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Still Getting Asked When the Baby is Due? Your Belly After Baby

Posted by Catherine Brooks on 1/3/2018 to C-Section
Still Getting Asked When the Baby is Due? Your Belly After Baby

Are you still getting asked, 'when is the baby due?' Please note most people are not that rude, but as you snuggle up to your newborn baby you may silently wonder, 'why do I still look 6 months pregnant after giving birth?!' Well, the answer may not be so complicated. Our bodies experience some pretty drastic physical changes during pregnancy to make room for our growing bundles of joys. But if you think you'll have your killer abs back and be running marathons 6 weeks after delivery, you are wildly mistaken. After giving birth you'll want to slow down and take care of yourself. Please understand the path to a successful postpartum recovery period might now be as fast as you thought. It WILL take you longer to "bounce back after baby" than you had originally hoped and THAT'S OK! The good news is that your baby belly pooch does NOT have to be permanent.


Why Do I Still Have a Belly After Birth?

There are a few reasons new moms still carry some belly postpartum so give yourself grace and allow your body time to heal. Remember that it took your body 9 months to GROW AN ENTIRE HUMAN and to give yourself grace if you're not quit fitting into your prepregnancy jeans a few days or weeks after birth. Here's why it can take some time to heal after birth:

Shrinking Uterus:

That amazing organ stretches from the size of a big lemon to the size of a watermelon. Once the baby is out, whether by vaginal or c-section delivery, the uterus contracts and shrinks to GRADUALLY go back down to size. That full process takes 6 weeks.  So, the shrinking uterus is part of the reason that you look like you are ready to attend your own baby shower, not bring a baby home. So, be patient with a gradual return to size.

Fluid retention:

Of the 30# average wt gain, about 8# is baby, 8# is uterus and placenta, 8# is fluid and 6# is fat/weight gain. A lot of that comes out with baby, but plenty of the fluid and the weight gain is held on to longer. C-section moms will have even more fluid retention due to fluids given inter-operatively. C-section moms will also have some tummy area swelling from the work they do inside the abdominal area during surgery. Again, another reason to allow some time.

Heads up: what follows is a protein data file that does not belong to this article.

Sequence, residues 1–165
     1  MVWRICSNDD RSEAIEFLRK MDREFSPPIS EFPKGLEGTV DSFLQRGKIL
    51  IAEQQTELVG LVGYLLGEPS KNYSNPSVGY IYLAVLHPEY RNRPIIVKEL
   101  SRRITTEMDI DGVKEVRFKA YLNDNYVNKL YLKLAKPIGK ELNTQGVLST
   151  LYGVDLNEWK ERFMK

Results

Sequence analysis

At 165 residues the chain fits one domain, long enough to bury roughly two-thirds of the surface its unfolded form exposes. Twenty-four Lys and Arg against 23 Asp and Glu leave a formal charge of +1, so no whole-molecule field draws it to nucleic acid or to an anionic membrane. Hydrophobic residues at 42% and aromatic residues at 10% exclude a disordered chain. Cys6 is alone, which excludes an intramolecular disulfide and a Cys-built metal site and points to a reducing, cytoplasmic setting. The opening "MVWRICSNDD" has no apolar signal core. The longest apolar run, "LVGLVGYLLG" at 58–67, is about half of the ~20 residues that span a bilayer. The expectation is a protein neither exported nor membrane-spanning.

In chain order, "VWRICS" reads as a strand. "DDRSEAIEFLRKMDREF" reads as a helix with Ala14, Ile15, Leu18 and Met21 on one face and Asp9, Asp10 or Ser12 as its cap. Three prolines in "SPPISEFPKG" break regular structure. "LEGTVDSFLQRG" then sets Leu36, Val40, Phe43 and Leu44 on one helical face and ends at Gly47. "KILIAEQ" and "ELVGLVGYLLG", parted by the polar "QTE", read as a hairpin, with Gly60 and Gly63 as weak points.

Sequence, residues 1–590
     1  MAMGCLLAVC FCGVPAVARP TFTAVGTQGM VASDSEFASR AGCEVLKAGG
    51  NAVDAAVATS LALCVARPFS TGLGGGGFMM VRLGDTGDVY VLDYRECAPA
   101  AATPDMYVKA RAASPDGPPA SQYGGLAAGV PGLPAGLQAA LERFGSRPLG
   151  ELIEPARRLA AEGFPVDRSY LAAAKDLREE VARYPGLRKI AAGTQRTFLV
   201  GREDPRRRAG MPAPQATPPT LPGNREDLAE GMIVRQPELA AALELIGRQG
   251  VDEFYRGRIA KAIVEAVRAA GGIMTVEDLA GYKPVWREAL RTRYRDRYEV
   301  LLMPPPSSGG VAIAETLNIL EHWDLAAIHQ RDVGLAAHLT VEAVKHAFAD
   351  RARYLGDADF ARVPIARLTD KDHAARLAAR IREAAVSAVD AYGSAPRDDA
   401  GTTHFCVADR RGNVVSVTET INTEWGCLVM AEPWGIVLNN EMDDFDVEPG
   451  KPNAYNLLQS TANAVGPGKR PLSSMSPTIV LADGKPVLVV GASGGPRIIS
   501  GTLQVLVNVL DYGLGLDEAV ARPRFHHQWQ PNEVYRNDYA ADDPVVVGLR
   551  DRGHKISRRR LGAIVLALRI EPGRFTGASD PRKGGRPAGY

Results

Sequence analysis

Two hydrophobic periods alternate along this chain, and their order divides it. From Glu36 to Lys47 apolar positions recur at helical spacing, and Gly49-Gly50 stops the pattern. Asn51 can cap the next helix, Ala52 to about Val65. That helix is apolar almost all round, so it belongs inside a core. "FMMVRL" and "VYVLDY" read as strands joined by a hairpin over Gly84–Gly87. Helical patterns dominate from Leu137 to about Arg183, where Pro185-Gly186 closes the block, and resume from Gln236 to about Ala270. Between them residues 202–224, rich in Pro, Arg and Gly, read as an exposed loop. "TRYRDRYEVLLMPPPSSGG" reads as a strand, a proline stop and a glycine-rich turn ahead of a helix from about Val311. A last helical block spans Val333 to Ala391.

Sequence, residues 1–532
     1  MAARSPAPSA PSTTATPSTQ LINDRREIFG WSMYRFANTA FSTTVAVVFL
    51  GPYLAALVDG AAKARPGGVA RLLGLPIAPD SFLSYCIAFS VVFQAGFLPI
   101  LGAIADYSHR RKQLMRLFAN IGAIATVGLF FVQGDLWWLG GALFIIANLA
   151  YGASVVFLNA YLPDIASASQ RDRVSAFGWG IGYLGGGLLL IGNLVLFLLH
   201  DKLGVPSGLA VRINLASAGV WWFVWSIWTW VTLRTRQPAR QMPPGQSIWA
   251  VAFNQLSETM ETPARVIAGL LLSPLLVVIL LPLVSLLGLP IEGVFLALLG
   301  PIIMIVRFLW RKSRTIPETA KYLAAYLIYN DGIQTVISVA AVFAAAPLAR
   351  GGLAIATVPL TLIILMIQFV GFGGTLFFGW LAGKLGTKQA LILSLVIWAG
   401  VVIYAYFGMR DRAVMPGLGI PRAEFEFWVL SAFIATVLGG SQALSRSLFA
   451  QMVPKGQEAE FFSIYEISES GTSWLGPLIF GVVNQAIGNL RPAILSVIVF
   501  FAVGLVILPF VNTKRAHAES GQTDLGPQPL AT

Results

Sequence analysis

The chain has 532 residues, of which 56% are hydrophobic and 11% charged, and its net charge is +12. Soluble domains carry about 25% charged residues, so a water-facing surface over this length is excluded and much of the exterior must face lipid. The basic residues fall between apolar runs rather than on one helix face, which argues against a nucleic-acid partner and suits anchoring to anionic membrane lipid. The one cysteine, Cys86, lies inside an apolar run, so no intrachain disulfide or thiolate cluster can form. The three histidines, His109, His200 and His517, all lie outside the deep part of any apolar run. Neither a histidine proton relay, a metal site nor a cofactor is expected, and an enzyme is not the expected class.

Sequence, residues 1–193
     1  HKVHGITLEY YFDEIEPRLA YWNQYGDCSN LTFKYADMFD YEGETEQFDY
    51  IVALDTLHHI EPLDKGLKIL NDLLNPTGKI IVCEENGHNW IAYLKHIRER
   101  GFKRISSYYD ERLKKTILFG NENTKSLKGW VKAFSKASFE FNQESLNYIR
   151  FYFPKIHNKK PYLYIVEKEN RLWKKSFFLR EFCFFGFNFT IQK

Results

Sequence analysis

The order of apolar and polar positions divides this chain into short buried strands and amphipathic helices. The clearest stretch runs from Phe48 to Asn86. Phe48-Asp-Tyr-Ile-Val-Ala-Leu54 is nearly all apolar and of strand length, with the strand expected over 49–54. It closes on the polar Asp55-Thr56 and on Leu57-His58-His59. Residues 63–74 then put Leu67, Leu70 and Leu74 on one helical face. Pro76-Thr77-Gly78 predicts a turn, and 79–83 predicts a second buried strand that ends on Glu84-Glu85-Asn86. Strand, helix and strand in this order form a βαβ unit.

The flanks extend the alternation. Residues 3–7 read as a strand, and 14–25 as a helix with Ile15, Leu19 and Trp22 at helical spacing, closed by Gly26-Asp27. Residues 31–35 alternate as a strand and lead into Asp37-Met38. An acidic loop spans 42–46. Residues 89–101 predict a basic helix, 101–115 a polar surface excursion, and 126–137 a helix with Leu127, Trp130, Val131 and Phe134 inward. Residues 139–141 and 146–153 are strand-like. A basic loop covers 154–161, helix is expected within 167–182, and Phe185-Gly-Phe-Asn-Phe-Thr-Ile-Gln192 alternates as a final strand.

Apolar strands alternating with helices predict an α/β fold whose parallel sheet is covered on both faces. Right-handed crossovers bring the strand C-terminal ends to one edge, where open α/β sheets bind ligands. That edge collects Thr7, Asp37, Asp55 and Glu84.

Stretched abdominals

Another part of mama that takes a hit! Stretched and sometimes split ( abdominal diastasis), the abs are lengthened, making them somewhat less effective in sucking it all in.

Hurrah! Just when you started to regret those prenatal cupcakes, we determined IT'S NOT ALL BABY FAT!


What Can I Do About My Belly After Baby?

If you're like many moms, you would like to get back into your pre-pregnancy clothes, or atleast not need to keep wearing your maternity pants. There are a few things you can do about the baby belly!

·         Wear really big clothes (#YogaPantsAreLife) and NEVER open an In-Style magazine that features a celebrity mom. But seriously, DO NOT COMPARE YOURSELF TO OTHER MOMS, especially if they have personal trainers, private chefs and live-in help. Your crock-pot loving, fitness-app loving, sleepless new mom self is perfect just the way you are. 

    Compression Clothes & Belly Binders

         Use support early on to flush out fluids. All those devices that are “getting the belly back” are really mostly getting the water out and holding in that amazing uterus.  For c-section moms, support helps control swelling too. Think about it, if it was that easy to wrap up and get skinny, we would have done it BEFORE we got pregnant!  So, support methods like binders, compression panties and wraps are fine to use, but just know support is  helping nature along on those early weeks not performing a magic act. Also, be aware that too much compression can actually prevent healing. Your MD can discuss more of that. C-Panty was designed by medical professionals to provide gentle, consistent support to be used over time.

·         Use support to help weak muscles. Again, this passive support is helpful but not a cure-all.  Active shortening (exercise) is very different from passive shortening (wrapping it all in). Support feels good and does prevent weak muscles from hanging or keeps a diastasis supported, it won’t, however, change how a muscle fiber works which is what you need to tighten.

·         Gradually shorten muscle fibers.  The best way for this is exercise. With exercise limited for period post-partum, it is best to start slowly and with help from the literature, a trainer or your MD on how to actively shorten and tighten that tummy again. Goes without saying, best done with cardio. There are great post-baby DVDs out there too. Only start exercise after MD approval since hormones effect muscles, joints and ligaments.

·         Don’t even start to call it a belly until at least 3 months. Remember, that first 6 weeks you are still dealing with uterus and fluid. For up to 12 weeks, muscles are naturally accommodating and shortening.  C-moms can also have mild swelling up to 12 weeks. Gradual weight loss and toning is the way to go!


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